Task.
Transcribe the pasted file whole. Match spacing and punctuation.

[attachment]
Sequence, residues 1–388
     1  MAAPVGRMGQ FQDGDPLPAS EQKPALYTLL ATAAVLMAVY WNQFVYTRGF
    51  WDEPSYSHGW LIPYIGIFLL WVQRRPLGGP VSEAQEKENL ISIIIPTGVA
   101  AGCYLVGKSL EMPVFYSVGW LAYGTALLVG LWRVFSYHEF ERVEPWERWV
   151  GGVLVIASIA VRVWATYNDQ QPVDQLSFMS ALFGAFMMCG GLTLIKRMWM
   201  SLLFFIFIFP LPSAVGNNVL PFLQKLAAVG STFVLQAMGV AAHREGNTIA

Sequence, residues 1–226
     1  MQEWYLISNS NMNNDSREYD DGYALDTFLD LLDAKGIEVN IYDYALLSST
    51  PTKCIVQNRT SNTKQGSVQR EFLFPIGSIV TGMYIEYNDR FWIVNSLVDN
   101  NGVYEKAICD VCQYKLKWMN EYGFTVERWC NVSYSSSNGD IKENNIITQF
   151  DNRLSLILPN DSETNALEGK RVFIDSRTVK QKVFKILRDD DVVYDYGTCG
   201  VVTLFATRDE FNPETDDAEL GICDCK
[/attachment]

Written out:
Sequence, residues 1–388
     1  MAAPVGRMGQ FQDGDPLPAS EQKPALYTLL ATAAVLMAVY WNQFVYTRGF
    51  WDEPSYSHGW LIPYIGIFLL WVQRRPLGGP VSEAQEKENL ISIIIPTGVA
   101  AGCYLVGKSL EMPVFYSVGW LAYGTALLVG LWRVFSYHEF ERVEPWERWV
   151  GGVLVIASIA VRVWATYNDQ QPVDQLSFMS ALFGAFMMCG GLTLIKRMWM
   201  SLLFFIFIFP LPSAVGNNVL PFLQKLAAVG STFVLQAMGV AAHREGNTIA

Sequence, residues 1–226
     1  MQEWYLISNS NMNNDSREYD DGYALDTFLD LLDAKGIEVN IYDYALLSST
    51  PTKCIVQNRT SNTKQGSVQR EFLFPIGSIV TGMYIEYNDR FWIVNSLVDN
   101  NGVYEKAICD VCQYKLKWMN EYGFTVERWC NVSYSSSNGD IKENNIITQF
   151  DNRLSLILPN DSETNALEGK RVFIDSRTVK QKVFKILRDD DVVYDYGTCG
   201  VVTLFATRDE FNPETDDAEL GICDCK